In every edition of their tales, [the Brothers Grimm] began with “The Frog King,” also known as “The Frog Prince,” and ended with “The Golden Key.” The reason they did this is, in my opinion, because “The Frog King”—and there are two different versions in the first edition—is an optimistic tale about miraculous regeneration, love, and loyalty and signals to readers that the tales in the collection will bring hope to readers and listeners despite the conflicts filled with blood and gore. The final tale, “The Golden Key,” is highly significant because it leaves readers in suspense and indicates that tales are mysterious treasures. We just need the right key to discover and appreciate them. In this respect, however, the tales that are to be rediscovered and will become known are never the end of our quest to understand the mysteries of life, only the beginning. And so it is with the unknown original tales of the Brothers Grimm. They are only the beginning.


The Original Folk and Fairy Tales of the Brothers Grimm:
The Complete First Edition
Jacob & Wilhelm Grimm, Translated and edited by Jack Zipes
Illustrated by Andrea Dezsö


Art credit: Andrea Dezsö

“On the fourth day…” The Twelve Grimm Days of Christmas

We are delighted to share these stories from The Complete First Edition of The Original Folk and Fairy Tales of the Brothers Grimm with our readers. This series will run for 12 days and each story is accompanied by original art from Andrea Dezsö.



A queen put her child out to sea in a golden cradle and let it float away. However, the cradle didn’t sink but drifted to an island inhabited only by cannibals. When the cradle drifted toward the shore, a cannibal’s wife happened to be standing there. Upon seeing the child, who was a beautiful baby girl, she decided to raise her and later give her to her son, who would wed her one day. But she had a great deal of trouble hiding the maiden carefully from her husband, Old Okerlo, for if he had laid his eyes on her, he would have eaten her up, skin and bones.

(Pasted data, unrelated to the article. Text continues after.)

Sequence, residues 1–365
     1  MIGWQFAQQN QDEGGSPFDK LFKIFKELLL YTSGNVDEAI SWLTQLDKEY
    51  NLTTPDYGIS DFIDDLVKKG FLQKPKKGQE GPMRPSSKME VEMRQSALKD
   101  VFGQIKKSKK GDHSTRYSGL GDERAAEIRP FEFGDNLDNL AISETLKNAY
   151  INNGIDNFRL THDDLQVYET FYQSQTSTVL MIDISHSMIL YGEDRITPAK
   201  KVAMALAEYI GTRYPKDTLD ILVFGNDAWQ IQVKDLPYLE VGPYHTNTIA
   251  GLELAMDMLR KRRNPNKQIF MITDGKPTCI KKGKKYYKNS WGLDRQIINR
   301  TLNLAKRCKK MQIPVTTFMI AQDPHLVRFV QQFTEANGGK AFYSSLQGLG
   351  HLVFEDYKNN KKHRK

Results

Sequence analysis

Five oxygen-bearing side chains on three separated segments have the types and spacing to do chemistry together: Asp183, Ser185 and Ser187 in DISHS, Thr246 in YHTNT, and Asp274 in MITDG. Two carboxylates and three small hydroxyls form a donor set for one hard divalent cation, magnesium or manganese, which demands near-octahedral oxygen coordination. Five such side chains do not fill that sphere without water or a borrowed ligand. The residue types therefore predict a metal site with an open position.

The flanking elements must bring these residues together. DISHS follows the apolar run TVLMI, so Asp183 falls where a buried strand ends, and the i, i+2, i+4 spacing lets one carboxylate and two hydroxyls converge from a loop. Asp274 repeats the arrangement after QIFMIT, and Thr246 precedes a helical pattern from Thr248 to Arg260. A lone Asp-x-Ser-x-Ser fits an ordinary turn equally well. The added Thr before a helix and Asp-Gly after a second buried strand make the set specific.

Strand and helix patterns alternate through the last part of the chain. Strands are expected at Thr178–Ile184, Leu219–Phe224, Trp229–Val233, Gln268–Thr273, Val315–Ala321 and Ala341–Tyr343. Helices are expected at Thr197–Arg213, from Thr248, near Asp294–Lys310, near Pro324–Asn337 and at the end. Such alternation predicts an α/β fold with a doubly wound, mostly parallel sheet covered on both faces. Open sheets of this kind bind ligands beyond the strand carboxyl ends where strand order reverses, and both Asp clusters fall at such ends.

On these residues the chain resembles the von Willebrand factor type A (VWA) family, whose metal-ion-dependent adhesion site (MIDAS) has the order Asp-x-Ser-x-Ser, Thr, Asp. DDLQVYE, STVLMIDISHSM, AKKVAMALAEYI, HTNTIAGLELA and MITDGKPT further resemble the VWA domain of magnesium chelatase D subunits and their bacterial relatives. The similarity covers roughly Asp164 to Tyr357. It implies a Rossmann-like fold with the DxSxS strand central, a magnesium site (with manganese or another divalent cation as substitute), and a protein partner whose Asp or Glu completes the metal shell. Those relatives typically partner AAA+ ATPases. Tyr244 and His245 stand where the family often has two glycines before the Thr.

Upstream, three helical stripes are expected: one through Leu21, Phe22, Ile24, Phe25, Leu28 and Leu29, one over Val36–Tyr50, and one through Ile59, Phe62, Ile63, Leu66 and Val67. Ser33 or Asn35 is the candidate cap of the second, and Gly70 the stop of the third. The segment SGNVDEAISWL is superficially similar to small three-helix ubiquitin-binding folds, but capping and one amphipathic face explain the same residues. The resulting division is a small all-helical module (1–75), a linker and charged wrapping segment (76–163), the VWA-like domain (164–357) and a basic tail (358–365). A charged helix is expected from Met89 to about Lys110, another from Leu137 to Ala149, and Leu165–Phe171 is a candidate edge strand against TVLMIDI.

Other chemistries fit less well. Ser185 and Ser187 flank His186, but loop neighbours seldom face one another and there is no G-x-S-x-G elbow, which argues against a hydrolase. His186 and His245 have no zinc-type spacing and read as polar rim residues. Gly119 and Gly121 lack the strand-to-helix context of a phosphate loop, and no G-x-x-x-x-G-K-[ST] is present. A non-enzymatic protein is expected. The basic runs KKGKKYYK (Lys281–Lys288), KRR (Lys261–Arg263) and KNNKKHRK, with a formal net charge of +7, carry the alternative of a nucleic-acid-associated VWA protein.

When the maiden had grown up, she was to be married to the young Okerlo, but she couldn’t stand him and cried all day long. Once when she was sitting on the shore, a young, handsome prince came swimming up to her. When it was clear they each took a liking to the other, they exchanged vows. Just then the old cannibal’s wife came, and she got tremendously angry at finding the prince with her son’s bride. So she grabbed hold of him and said, “Just wait! We’ll roast you at my son’s wedding.”

The young prince, the maiden, and Okerlo’s three children had to sleep together in one room. When night came, Old Okerlo began craving human flesh and said, “Wife, I don’t feel like waiting until the wedding. I want the prince right now!”